4. Establish a process for the preparation, amendment, and joint approval by each local government and the school board of a public school capital facilities program which is financially feasible, and a process and schedule for incorporation of the public school capital facilities program into the local government comprehensive plans on an annual basis.
5. Define the geographic application of school concurrency. If school concurrency is to be applied on a less than districtwide basis in the form of concurrency service areas, the agreement shall establish criteria and standards for the establishment and modification of school concurrency service areas. The agreement shall also establish a process and schedule for the mandatory incorporation of the school concurrency service areas and the criteria and standards for establishment of the service areas into the local government comprehensive plans. The agreement shall ensure maximum utilization of school capacity, taking into account transportation costs and court-approved desegregation plans, as well as other factors. The agreement shall also ensure the achievement and maintenance of the adopted level-of-service standards for the geographic area of application throughout the 5 years covered by the public school capital facilities plan and thereafter by adding a new fifth year during the annual update.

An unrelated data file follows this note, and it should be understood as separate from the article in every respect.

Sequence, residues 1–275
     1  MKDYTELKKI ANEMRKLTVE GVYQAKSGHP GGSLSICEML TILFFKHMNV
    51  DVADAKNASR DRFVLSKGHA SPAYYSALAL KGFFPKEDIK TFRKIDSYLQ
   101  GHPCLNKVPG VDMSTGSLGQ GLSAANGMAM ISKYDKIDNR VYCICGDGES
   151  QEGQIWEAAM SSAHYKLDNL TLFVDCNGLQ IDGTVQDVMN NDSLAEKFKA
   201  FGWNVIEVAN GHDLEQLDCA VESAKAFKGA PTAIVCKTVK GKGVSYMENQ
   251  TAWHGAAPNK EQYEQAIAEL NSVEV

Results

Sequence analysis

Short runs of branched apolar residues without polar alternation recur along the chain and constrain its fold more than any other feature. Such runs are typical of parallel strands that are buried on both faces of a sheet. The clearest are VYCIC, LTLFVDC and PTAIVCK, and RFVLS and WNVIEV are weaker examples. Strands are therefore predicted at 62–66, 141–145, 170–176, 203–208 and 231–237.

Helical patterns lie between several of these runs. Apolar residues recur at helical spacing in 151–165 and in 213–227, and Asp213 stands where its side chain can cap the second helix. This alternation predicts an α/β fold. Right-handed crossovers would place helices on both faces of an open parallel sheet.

6. Establish a uniform districtwide procedure for implementing school concurrency which provides for:
a. The evaluation of development applications for compliance with school concurrency requirements, including information provided by the school board on affected schools, impact on levels of service, and programmed improvements for affected schools and any options to provide sufficient capacity;
b. An opportunity for the school board to review and comment on the effect of comprehensive plan amendments and rezonings on the public school facilities plan; and
c. The monitoring and evaluation of the school concurrency system.
7. Include provisions relating to amendment of the agreement.
8. A process and uniform methodology for determining proportionate-share mitigation pursuant to subparagraph (e)1.
(h) Local government authority.—This subsection does not limit the authority of a local government to grant or deny a development permit or its functional equivalent prior to the implementation of school concurrency.